Lights! Camera! Class action? If you’re in the motion picture industry, you might soon join a cast of thousands: a class action against your employer for serving cold food. Wage Order No. 12 of the Industrial Welfare Commission (IWC) requires a motion picture industry employer to provide its employees with hot meals and drinks if they have to work after midnight. But show biz is where the “reel” hunger games take place. That’s because employees in the motion picture industry have to wait a longer to go on a meal period than employees in most other industries. If you’re in show biz, here’s what you need to know about meal periods.
I. That’s Show Biz: The “Motion Picture Industry” and How to Tell If You’re In It
Wage Order 12 defines the “motion picture industry” as “any industry, business, or establishment” that is either: (1) “operated for the purpose of” motion picture or television film production[s]” or (2) “primarily allied” with such productions.1 The making of a motion picture can be for any purpose (e.g., entertainment, commercial, religious, or educational) and by any means (e.g., film, tape, or otherwise).2 The IWC’s definition of the “motion picture industry” is so broad that it can even sweep up someone who makes a YouTube video with his cell phone. That’s show biz.
The Wage Order doesn’t say when someone can tell whether his employer is only “allied” with a production. But an analogous provision in the Unemployment Insurance Code provides that an employer is “allied” when: (1) he’s “in an industry closely allied with, and [his] work is integral to, a …production company in the development, production, or post-production of a motion picture (excluding the distribution of the completed motion picture and any activity occurring thereafter)”; and (2) he hires from the “same pool of craft and guild or union workers, actors, or extras” as a…production company.3
II. The “Big Picture” About Meal Periods in Show Biz: Hot Meals and Cold Comforts
In most industries, if a meal period occurs on a shift beginning or ending at or between the hours of 10 p.m. and 6 a.m., an employer must make facilities available for “securing” hot food and drink or for heating food or drink and provide a suitable sheltered place in which employees can consume such food or drink. In the motion picture industry, an employer must provide all nonexempt employees with hot meals and drinks if they have to work after midnight, except in the case of “off-production” employees who are regularly scheduled to work after midnight.4 Off-production employees have to go to Jack in the Box.
Unfortunately, the IWC seems to differ from the rest of the world about when something is “hot.” In point of fact, Wage Order 12 requires a motion picture industry employer to maintain a “heated” room for which employees may “retire for warmth” if the nature of their employment requires that they work in temperatures of less than 60 degrees.5 But the temperature in the “heated” room need only be 68 degrees. If a “heated” and “hot” mean the same thing, a motion picture industry employer only has to heat up the food and drinks to 68 degrees. That’s room temperature.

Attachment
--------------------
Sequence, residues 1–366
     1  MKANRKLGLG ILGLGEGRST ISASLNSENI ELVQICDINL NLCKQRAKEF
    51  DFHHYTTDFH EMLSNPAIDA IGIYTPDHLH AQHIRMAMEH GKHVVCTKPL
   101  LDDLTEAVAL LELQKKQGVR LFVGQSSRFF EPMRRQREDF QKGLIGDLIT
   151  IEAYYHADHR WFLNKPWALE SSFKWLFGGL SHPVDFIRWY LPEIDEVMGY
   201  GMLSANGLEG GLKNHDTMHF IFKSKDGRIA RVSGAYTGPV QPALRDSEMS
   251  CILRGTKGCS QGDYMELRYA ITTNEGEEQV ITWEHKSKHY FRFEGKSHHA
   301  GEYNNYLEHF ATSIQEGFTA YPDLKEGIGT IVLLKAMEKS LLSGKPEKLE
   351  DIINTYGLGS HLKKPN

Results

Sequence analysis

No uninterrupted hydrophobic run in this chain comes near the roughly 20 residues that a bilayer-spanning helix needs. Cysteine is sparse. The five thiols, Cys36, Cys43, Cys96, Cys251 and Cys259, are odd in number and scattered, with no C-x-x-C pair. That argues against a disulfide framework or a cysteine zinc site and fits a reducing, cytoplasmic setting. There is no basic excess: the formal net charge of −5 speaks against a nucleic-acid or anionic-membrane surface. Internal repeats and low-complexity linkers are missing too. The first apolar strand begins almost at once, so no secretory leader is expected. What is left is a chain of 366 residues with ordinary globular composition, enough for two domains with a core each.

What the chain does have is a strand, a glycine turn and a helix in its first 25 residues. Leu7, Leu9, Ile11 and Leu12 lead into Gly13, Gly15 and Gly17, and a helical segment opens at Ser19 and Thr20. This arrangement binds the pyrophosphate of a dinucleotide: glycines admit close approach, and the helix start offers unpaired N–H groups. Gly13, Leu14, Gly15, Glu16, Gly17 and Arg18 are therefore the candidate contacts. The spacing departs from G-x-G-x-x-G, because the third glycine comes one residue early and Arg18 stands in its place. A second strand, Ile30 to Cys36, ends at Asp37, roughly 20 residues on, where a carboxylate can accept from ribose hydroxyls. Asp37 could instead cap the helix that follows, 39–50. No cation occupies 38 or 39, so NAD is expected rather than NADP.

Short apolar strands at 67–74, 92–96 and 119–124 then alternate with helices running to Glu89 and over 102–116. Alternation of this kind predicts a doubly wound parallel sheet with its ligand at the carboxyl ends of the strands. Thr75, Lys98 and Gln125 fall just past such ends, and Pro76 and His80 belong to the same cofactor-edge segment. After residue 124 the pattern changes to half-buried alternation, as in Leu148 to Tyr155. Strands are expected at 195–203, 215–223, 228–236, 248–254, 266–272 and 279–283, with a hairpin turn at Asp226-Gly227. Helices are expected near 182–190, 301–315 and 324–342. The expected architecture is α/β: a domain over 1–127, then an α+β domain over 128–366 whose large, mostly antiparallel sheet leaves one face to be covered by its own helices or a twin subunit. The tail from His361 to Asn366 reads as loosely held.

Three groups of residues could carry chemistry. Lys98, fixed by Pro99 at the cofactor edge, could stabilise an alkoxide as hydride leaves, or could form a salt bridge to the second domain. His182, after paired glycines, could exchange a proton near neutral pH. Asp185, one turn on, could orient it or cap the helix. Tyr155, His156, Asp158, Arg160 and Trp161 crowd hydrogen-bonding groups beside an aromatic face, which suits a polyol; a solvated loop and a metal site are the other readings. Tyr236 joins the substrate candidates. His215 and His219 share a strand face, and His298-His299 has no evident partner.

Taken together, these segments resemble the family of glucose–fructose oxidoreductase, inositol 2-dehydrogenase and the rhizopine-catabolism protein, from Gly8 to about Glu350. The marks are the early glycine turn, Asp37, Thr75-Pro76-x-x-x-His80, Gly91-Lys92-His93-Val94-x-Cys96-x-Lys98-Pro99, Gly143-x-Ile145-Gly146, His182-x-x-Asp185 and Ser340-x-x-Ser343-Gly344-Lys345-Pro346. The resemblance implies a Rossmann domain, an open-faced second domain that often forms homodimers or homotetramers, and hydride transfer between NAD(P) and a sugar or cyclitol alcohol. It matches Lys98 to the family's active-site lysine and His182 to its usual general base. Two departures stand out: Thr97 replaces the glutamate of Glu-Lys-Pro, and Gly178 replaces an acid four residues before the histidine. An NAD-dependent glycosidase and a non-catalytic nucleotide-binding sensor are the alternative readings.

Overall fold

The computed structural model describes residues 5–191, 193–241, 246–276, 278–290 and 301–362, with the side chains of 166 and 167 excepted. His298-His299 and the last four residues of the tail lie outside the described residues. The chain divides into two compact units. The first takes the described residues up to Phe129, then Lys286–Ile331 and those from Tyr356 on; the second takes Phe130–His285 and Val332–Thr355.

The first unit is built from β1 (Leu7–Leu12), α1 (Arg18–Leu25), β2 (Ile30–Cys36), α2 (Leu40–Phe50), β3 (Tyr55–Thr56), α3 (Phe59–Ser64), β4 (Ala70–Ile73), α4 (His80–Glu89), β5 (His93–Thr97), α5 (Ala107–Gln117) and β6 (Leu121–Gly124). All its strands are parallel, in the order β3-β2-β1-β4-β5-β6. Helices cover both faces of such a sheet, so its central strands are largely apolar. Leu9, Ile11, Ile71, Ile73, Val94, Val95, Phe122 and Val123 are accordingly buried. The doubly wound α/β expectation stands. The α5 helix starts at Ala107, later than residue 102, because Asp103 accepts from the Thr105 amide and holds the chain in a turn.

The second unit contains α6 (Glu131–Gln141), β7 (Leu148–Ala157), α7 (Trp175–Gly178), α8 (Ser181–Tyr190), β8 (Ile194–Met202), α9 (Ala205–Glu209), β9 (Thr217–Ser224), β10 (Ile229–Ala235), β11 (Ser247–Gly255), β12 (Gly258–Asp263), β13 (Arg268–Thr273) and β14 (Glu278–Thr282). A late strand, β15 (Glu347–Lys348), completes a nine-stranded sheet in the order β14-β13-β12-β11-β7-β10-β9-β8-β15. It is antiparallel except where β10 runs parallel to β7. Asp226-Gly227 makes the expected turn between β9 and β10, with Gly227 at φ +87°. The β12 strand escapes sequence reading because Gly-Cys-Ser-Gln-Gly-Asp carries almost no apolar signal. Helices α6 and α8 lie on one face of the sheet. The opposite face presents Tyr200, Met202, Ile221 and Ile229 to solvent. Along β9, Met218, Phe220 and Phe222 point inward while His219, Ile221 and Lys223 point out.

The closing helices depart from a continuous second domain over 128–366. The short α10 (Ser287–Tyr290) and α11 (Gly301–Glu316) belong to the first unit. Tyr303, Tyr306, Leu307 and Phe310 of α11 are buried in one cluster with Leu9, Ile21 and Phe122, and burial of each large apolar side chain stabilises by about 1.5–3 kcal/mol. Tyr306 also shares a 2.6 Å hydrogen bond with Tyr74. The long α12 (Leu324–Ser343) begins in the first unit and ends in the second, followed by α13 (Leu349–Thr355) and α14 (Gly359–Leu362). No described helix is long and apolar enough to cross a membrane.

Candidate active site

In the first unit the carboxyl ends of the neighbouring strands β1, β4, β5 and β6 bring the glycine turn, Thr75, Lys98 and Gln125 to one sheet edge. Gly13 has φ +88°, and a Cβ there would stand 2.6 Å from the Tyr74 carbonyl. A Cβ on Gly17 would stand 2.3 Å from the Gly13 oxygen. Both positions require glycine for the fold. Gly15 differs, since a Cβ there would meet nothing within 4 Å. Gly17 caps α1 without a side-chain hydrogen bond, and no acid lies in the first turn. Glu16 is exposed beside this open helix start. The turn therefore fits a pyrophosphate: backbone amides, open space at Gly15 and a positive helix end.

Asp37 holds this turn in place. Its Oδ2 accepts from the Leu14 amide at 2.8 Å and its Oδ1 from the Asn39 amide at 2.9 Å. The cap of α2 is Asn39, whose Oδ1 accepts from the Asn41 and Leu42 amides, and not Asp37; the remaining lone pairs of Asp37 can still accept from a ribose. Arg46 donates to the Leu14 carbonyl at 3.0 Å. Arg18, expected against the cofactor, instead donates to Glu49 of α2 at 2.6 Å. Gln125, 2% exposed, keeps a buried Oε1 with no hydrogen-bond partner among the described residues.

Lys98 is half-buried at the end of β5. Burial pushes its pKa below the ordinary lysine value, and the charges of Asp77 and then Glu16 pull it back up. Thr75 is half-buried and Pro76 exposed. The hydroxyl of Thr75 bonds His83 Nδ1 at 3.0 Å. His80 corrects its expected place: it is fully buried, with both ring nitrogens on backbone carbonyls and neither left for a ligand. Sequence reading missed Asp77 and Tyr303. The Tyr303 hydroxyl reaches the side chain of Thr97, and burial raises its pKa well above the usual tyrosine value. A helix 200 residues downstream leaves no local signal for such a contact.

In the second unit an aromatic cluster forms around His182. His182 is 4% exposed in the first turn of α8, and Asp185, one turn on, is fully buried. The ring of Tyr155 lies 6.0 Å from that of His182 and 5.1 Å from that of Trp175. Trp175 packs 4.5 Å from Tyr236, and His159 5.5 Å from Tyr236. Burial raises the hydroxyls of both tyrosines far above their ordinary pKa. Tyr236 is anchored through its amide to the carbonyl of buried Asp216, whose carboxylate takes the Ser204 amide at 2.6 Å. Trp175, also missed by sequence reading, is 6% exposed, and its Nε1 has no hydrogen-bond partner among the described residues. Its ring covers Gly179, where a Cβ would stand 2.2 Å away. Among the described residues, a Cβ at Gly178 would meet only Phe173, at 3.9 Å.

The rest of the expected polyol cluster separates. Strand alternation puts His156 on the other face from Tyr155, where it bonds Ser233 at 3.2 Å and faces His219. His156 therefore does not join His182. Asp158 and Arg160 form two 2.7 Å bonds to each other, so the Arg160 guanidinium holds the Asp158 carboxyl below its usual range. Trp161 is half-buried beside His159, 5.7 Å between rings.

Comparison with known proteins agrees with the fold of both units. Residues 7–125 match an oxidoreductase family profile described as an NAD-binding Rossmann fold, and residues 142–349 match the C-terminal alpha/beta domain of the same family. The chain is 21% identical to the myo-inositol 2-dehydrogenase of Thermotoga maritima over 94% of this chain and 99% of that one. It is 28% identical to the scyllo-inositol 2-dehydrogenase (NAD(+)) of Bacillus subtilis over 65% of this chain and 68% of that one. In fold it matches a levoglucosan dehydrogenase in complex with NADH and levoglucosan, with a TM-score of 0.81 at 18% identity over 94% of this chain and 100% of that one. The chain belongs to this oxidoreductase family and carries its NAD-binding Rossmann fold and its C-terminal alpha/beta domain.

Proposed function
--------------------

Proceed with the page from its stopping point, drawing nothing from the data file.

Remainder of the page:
But the right to a “hot meal” can be a cold comfort. In most industries, a nonexempt employee gets a 30-minute meal period after five hours of work and a second 30-minute meal period after 10 hours of work.6 But show biz is where the “reel” hunger games take place. That’s because Wage Order 12 entitles a nonexempt employee to a meal period after six hours of work and a second meal period no later than six hours after the first one ends.7 In other words, he might work more than 10 hours and only get one meal period. Moreover, Wage Order 12 prohibits a meal period longer than one hour.8
III. When Does the Hand of Justice Give an Employer Two Thumbs Down?
If a motion picture industry employer requires an employee to work during a meal period or fails to provide him with a meal period “in accordance with state law” – including Wage Order 12 – the iron hand of the law will give the employer two thumbs down.9 That law, Labor Code section 226.7, will require the employer to pay the employee an additional hour’s pay at his regular rate of compensation for each workday that the employer fails to provide him with a meal period “in accordance with state law.” That means the employee will get an hour’s pay if his employer serves him food at room temperature.
But employees and employers in the motion picture industry are free to contract around the the special meal period rules. Labor Code section 512(d) establishes a carve-out for union employees if their collective bargaining agreement (CBA): (1) provides for meal periods and (2) includes a “monetary remedy” if the employees don’t get meal periods as the CBA requires.10 Thus, the special rules can still apply to a SAG/AFTRA member if the CBA doesn’t provide him with a “monetary remedy.” But the law doesn’t require that the CBA’s remedy be greater than or even equal to the statutory remedy. That’s show biz.